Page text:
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Survey Finds Majority of College Students Know Little About Thanksgiving

Survey Finds Majority of College Students Know Little About Thanksgiving

“Our family doesn’t really discuss the origins of Thanksgiving that much”

Note how this article describes Thanksgiving as a “controversial” holiday. Doesn’t that explain so much about how younger people might view the history behind the celebration?

The Snapper reports:

Survey reveals college students celebrate but know little about Thanksgiving

The majority of college students celebrate Thanksgiving, but received minimal education on its origins, a recent survey says. The survey, conducted by editors at The Snapper, asked young people from across the country about their views, education and traditions surrounding the controversial Fall holiday.

For millions of Americans, Thanksgiving is one of the largest and most highly anticipated holidays of the year. Held on the fourth Thursday of each November, Thanksgiving today marks an opportunity for people to relax and settle down as they reunite with their loved ones and celebrate what they are grateful or “thankful” for.

“We celebrate just to gather with family we haven’t seen in a long time and to eat together,” says Michael Smith-Taylor, a sophomore at Millersville University, who filled out the survey.

A Millersville student named Bree also stated that Thanksgiving is “just a tradition … we always enjoy the food and getting together. It’s dying down, but we have done it every year so it would be odd to stop.”

Although Thanksgiving is a major federal holiday, it appears to not be a huge favorite among students, mostly due to concerns over its origins and lack of education or sincerity in understanding and valuing the holiday. While 90% of the survey’s respondents claim they and their families celebrate Thanksgiving, an estimated 70% received either inaccurate or minimal information on the holiday’s purpose and history, if at all.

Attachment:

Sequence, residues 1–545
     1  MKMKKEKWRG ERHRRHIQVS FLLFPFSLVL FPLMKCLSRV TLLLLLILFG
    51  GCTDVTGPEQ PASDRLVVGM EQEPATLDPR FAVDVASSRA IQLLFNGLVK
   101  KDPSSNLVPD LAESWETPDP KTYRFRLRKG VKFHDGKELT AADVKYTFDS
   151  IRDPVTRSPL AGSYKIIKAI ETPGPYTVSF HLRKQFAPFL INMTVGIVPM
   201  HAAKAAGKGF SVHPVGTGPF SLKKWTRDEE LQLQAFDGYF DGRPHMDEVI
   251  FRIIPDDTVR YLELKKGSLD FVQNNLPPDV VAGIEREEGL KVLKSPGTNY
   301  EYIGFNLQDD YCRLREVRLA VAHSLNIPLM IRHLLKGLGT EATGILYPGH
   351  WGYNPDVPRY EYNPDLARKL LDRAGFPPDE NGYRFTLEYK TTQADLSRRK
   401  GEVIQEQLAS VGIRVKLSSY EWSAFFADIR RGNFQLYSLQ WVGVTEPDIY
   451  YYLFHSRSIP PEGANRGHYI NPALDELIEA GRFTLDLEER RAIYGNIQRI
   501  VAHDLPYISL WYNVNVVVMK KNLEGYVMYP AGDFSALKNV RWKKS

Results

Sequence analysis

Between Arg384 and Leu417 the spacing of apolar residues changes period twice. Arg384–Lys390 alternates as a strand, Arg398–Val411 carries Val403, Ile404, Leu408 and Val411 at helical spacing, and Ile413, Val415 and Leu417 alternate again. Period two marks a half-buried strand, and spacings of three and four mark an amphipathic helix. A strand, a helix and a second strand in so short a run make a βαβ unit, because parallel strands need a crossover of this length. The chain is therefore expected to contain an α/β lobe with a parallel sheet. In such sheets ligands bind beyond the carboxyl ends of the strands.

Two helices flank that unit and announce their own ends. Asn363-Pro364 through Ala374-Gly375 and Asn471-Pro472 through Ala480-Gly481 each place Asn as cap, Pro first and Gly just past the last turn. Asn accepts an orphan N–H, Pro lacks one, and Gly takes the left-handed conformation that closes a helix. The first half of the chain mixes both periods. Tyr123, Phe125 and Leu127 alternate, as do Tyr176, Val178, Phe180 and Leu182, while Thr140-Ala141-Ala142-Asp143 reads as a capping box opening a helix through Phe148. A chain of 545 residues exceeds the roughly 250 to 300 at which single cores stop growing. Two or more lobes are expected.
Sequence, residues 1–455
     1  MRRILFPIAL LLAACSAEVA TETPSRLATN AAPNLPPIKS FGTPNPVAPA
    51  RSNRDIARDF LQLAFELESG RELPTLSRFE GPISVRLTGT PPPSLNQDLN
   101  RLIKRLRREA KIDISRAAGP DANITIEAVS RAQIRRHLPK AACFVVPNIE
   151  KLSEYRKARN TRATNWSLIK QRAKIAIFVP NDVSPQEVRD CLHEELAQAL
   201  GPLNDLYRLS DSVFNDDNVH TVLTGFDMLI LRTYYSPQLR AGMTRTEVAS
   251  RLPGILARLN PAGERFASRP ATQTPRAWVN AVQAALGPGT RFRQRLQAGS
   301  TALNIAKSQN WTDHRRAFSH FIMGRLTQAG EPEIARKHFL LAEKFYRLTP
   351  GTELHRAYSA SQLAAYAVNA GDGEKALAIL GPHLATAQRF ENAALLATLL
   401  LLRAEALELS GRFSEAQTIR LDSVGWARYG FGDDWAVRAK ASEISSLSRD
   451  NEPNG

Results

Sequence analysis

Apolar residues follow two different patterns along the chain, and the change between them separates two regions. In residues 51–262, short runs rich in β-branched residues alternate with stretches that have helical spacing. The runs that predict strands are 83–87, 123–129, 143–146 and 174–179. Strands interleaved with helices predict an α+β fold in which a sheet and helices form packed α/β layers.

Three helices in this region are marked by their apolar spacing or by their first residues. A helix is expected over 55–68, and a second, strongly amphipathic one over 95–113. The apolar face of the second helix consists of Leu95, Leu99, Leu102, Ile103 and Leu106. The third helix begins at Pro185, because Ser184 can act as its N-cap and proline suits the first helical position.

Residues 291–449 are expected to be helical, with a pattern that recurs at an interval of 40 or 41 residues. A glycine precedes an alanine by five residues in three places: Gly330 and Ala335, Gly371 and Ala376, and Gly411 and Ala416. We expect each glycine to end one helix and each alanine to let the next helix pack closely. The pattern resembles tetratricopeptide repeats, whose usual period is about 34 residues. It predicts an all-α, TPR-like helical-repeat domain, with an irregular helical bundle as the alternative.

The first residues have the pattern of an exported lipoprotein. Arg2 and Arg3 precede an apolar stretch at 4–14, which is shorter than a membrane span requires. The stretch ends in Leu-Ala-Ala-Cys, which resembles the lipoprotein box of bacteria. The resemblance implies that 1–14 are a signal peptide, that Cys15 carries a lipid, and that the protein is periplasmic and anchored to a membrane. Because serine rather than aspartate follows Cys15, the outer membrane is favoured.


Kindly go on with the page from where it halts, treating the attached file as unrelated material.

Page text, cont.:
“Our family doesn’t really discuss the origins of Thanksgiving that much,” says Becca Hoyer, a freshman at Arcadia University. “Perhaps we should be more aware and change the way we think about it.”

Even today, historians debate the exact origins of the day designated to “give thanks,” however most trace “Turkey day” back to colonial times. As far back as the early 17th century, European settlers in Virginia and New England participated in days of fasting to appeal to God, and also held feasts to celebrate the harvest season, when crops were most plentiful, especially in times of devastation and death due to the harsh conditions of living in unfamiliar and undeveloped land.


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College students today know little about anything. They don’t study history in favor of mandatory gender and race studies courses.

This is the lost generation, sad to say.

Now do Christmas.

Since John Dewey 100 years ago the left has controlled whats been taught. Learning from Russia they knew once your history has been forgotten you can tell them lower forms anything. IE there are hundreds of genders, all White people are evil, and no matter how privileged you are you oppressed.